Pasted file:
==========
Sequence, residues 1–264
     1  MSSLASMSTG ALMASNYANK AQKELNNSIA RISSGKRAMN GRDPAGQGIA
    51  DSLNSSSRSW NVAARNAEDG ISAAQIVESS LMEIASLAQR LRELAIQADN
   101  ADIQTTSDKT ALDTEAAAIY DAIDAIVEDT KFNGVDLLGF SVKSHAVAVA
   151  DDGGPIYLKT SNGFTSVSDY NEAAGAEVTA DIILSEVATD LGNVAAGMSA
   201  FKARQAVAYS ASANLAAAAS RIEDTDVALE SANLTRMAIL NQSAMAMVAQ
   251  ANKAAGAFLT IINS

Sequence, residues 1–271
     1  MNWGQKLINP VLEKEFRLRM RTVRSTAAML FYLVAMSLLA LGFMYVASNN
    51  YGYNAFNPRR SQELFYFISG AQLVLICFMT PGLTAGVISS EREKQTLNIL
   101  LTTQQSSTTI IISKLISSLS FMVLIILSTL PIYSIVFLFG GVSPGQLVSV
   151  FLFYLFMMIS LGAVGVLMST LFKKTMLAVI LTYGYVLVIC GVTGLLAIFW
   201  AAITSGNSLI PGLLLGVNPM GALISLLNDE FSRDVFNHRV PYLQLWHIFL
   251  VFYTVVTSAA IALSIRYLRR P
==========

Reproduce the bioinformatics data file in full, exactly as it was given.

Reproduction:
Sequence, residues 1–264
     1  MSSLASMSTG ALMASNYANK AQKELNNSIA RISSGKRAMN GRDPAGQGIA
    51  DSLNSSSRSW NVAARNAEDG ISAAQIVESS LMEIASLAQR LRELAIQADN
   101  ADIQTTSDKT ALDTEAAAIY DAIDAIVEDT KFNGVDLLGF SVKSHAVAVA
   151  DDGGPIYLKT SNGFTSVSDY NEAAGAEVTA DIILSEVATD LGNVAAGMSA
   201  FKARQAVAYS ASANLAAAAS RIEDTDVALE SANLTRMAIL NQSAMAMVAQ
   251  ANKAAGAFLT IINS

Sequence, residues 1–271
     1  MNWGQKLINP VLEKEFRLRM RTVRSTAAML FYLVAMSLLA LGFMYVASNN
    51  YGYNAFNPRR SQELFYFISG AQLVLICFMT PGLTAGVISS EREKQTLNIL
   101  LTTQQSSTTI IISKLISSLS FMVLIILSTL PIYSIVFLFG GVSPGQLVSV
   151  FLFYLFMMIS LGAVGVLMST LFKKTMLAVI LTYGYVLVIC GVTGLLAIFW
   201  AAITSGNSLI PGLLLGVNPM GALISLLNDE FSRDVFNHRV PYLQLWHIFL
   251  VFYTVVTSAA IALSIRYLRR P